Bitcoin fell 2% over the past week and currently trades for $19,126; Ethereum fell 3.5% to a current price of $1,282, according to CoinGecko data.
On Monday, Bitcoin’s mining difficulty hit a new all-time high after rising by 14%—the largest spike since May. As difficulty increases, miners could face slimmer profits if Bitcoin’s price stays inert, since more computing power and electricity is needed to mine. However, mining difficulty increases also indicate a strong and growing network.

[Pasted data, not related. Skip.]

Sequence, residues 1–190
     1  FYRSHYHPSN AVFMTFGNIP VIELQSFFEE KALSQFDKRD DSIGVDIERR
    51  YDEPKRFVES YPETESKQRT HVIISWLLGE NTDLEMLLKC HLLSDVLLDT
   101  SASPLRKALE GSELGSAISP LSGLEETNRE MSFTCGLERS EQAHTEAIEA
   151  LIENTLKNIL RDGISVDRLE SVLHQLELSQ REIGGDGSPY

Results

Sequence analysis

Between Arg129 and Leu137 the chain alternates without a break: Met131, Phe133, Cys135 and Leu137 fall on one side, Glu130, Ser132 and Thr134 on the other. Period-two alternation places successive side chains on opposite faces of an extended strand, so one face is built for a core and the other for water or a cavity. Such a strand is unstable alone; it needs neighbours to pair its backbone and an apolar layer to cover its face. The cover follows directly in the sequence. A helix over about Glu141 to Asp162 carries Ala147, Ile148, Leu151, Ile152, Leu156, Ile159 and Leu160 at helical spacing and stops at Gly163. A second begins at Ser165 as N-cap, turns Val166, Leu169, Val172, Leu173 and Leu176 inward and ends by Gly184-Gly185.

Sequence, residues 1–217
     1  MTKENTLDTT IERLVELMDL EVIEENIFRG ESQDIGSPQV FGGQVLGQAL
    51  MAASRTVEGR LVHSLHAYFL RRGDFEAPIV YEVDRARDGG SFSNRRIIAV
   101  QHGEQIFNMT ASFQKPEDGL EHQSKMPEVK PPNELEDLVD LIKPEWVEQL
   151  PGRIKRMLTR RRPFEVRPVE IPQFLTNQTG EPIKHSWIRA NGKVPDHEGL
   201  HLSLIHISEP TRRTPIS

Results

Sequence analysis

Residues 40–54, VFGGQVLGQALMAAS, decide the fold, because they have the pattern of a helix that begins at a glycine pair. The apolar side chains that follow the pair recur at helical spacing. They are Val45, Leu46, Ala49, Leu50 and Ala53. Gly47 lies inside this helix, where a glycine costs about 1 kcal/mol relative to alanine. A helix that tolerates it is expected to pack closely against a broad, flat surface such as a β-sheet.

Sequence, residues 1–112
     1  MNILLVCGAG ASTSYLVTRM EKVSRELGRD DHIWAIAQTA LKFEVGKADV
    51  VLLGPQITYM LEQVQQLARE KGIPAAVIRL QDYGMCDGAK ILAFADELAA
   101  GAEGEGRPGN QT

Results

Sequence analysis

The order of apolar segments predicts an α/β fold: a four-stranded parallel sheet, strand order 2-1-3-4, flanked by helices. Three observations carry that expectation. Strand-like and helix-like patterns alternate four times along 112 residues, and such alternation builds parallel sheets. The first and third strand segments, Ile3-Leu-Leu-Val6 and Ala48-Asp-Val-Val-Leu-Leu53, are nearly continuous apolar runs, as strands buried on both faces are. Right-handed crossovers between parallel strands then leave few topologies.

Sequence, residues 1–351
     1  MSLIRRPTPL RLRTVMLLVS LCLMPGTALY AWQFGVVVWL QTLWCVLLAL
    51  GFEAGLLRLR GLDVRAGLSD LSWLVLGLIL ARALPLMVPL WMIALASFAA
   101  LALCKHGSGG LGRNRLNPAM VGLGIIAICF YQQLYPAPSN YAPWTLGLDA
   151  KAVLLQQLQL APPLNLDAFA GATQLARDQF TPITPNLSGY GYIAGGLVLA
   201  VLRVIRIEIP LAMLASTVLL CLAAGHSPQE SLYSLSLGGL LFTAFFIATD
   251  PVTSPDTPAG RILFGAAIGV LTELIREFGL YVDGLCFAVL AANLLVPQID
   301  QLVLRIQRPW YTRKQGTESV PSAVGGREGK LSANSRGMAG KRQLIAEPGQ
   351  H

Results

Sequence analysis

Ethereum’s supply turned deflationary last weekend, meaning more ETH is currently being burned (removed from circulation) than created. This comes as no surprise to Ethereum flag-wavers—it was announced as part of the post-merge process—but the news had little effect on prices this week.